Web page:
Sorry, Sebastian but I don’t see any need to return to the Greco-Bactrian period to try to understand the complex forces that enabled x-buddhistic thought to penetrate the Western modernity. If you really want to understand why “mindfulness” (that you capitalize) reached such a status on the popular scene in recent times you don’t have to go back earlier than sixteenth century. The disenchantment of the world that was unleashed by the Reformation and later pushed even harder by the science coupled with the colonization of Asian lands plus the reaction to that disenchantment in the Romantic era were that very forces that later in the second part of XIX century opened Europe and America for Buddhism as we know today.

  22. Tomek said

    No, these distinctions indicate a FUNDAMENTAL difference in the conception of the world. (Is there ‘somebody’ outside the universe, or not ?, with all the consequences that arise from this, see book of revelation etc.).

    Sebastian (# 15), one more thing, if you happened not to read Glenn’s article Nascent Speculative Non-Buddhism then please read it. I might be helpful in the further discussion. But if you happened to ready it, please go back to his heuristics and carefully read again at least two entries: Empty reality and Dharma, The. If you read it then maybe you’ll find out that actually on the fundamental level there is not much difference between x-Buddhism and Christianity.

  23. Sebastian said

    Tomek (#22)

    ”Empty reality and Dharma, The. If you read it then maybe you’ll find out that actually on the fundamental level there is not much difference between x-Buddhism and Christianity.”

    ‘Empty reality’ implies the ‘existence’ of a transcendence ‘beyond’ the causal universe. Or in other words, the universe we are expiriencing through our senses is illusionary.

    This is a constructivistic approach, which has a good chance to prove to be correct.
    This approach corresponds with the more abstract facets of Dependent Arising.

    http://en.wikipedia.org/wiki/Prat%C4%ABtyasamutp%C4%81da#Madhyamaka (hope this link works)

    The EDGE of transcendence corresponds to a certain state of mind, which western religions call ‘unio mystica’. But this state of mind is still illusionary.

    Dharma can have a lot of meanings.

    http://en.wikipedia.org/wiki/Dharma

    I assume you intended to use this term for the teachings of Buddha.

    Maybe what you intend to say is that christianity and Buddhism have in common, that both want to show a way for human beings to reach the above mentioned transcendence.
    Christians call the transcendence ‘God’ and the Buddhist concept of Nirvana corresponds vaguely with the western concept of transcendence.

    Maybe this difference seems slight to you, but it is not.

    The christian ‘God’, self not part of the universe, interacts with the universe. <- from the viewpoint of system theory this is a contradiction, and therefore impossible.

    Nirvana does not interact with the causal universe, not even on the most subliminal level.

    But why do you think it has to be considered as negative that a person wants to reach a state of mind at the edge of trancendence or even beyond? Meditation is a way to come close to this state of consciousness.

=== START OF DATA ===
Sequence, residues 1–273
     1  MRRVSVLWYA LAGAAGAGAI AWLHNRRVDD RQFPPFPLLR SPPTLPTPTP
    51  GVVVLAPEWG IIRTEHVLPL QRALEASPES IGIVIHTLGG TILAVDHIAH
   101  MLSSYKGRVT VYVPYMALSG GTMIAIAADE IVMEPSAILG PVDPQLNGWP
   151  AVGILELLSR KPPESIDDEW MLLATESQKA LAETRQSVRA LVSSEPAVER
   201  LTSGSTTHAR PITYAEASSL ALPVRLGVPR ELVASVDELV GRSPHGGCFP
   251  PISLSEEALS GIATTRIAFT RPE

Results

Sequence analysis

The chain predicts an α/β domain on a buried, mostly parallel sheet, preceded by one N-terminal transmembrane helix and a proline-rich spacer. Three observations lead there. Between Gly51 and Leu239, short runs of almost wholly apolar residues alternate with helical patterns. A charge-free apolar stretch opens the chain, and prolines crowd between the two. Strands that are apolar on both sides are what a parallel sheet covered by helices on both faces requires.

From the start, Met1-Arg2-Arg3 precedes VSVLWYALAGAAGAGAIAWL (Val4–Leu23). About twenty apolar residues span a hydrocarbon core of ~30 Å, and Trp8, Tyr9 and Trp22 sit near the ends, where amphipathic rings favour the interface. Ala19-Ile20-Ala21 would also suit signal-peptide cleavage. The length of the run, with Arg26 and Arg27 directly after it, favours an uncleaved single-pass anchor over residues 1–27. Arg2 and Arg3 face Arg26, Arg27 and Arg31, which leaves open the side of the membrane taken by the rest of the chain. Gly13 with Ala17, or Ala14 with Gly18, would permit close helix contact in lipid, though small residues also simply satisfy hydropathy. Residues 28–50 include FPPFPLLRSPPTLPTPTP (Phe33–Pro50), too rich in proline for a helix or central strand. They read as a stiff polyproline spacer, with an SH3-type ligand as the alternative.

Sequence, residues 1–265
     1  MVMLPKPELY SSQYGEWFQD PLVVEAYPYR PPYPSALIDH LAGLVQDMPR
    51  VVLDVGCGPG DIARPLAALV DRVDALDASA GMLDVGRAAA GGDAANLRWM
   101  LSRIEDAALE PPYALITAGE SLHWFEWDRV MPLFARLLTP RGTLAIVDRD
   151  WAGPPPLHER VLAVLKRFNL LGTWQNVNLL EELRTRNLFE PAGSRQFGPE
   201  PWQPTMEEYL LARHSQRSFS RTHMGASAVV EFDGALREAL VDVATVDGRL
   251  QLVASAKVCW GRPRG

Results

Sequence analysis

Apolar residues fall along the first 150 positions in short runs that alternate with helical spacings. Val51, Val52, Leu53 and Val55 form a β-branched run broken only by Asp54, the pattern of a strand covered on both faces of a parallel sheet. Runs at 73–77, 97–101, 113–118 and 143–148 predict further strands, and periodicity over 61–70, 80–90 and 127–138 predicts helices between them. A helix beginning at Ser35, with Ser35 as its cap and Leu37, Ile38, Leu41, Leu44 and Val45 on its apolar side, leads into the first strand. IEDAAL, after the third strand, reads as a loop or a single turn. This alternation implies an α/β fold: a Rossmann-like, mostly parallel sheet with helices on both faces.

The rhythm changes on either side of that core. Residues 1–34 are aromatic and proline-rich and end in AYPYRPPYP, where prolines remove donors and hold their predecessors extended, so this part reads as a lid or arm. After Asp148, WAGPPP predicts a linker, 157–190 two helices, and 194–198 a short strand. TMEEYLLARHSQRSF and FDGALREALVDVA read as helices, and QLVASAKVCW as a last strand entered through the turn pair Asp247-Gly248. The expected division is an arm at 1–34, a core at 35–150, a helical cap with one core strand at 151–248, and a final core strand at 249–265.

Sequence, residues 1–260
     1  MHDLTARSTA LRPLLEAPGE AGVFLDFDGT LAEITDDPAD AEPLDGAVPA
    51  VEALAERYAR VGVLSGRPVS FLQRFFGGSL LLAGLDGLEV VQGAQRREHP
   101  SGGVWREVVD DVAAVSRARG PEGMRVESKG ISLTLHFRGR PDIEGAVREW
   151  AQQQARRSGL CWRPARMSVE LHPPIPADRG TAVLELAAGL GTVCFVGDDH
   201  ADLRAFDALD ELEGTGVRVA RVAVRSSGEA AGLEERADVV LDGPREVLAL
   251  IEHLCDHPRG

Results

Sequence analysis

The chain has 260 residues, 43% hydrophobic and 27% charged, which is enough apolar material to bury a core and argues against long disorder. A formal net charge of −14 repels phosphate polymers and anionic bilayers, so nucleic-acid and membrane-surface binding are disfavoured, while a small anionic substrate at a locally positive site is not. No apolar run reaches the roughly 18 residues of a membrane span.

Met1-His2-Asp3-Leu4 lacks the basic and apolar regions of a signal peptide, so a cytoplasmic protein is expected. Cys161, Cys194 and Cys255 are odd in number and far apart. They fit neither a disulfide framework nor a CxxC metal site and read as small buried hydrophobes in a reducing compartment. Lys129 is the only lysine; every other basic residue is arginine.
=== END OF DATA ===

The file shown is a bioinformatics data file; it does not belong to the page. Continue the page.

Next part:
What's wrong about that ?

    You wrote:''If you really want to understand why “mindfulness” (that you capitalize) reached such a status on the popular scene in recent times you don’t have to go back earlier than sixteenth century. The disenchantment of the world that was unleashed by the Reformation and later pushed even harder by the science coupled with the colonization of Asian lands plus the reaction to that disenchantment in the Romantic era were that very forces that later in the second part of XIX century opened Europe and America for Buddhism as we know today.''

    Why do you complain that Mindfulness has reached a high status?
    What is bad about mindfulness ?
    I know you want to be secular, but you can't sacrifice a accurate conception of the world on the altar of secularity or even worse of a theistic religion like the abrahamitic ones. What today is considered 'mystical' will be considered secular in 100 years. This is part of the disenchantment of the world.

    Maybe this helps you to understand what 'mystical' expereinces can look like:

    http://en.wikipedia.org/wiki/Near-death_experience

    While reading this wikipedia-article keep in mind that there is a Buddhist technique to induce lucid dreaming, 'dream yoga'.

    And to be honest, the disenchantment of the world is a problem for christianity, not for Buddhism, as Buddhism is from the ground up compatible with science.

    But in (#13) you wrote about the Puritan minister William Perkins and his opinions about the 'laws of god'.

    I just wanted to show that the concept of Mindfulness emerged long before the lifetime of Mr.Perkins.

    If you didn't yet, you should read the wiki-article

    http://en.wikipedia.org/wiki/Greco-Buddhism#Greco-Buddhism_and_the_West

    Buddhism influenced the western culture already more than 2000 years ago.

    So why this focussing on the nineteenth century ?

  24. Tomek said

    Because, Sebastian (# 23), among other things, it can help you for example to understand the origins of the currently popular sentiments like the one that “Buddhism is from the ground up compatible with science” what in turn has direct consequences in the latest rise of the so called “mindfulness industries” that very mindfully penetrate both the corporate world and the pockets of thousands of individual sad suckers.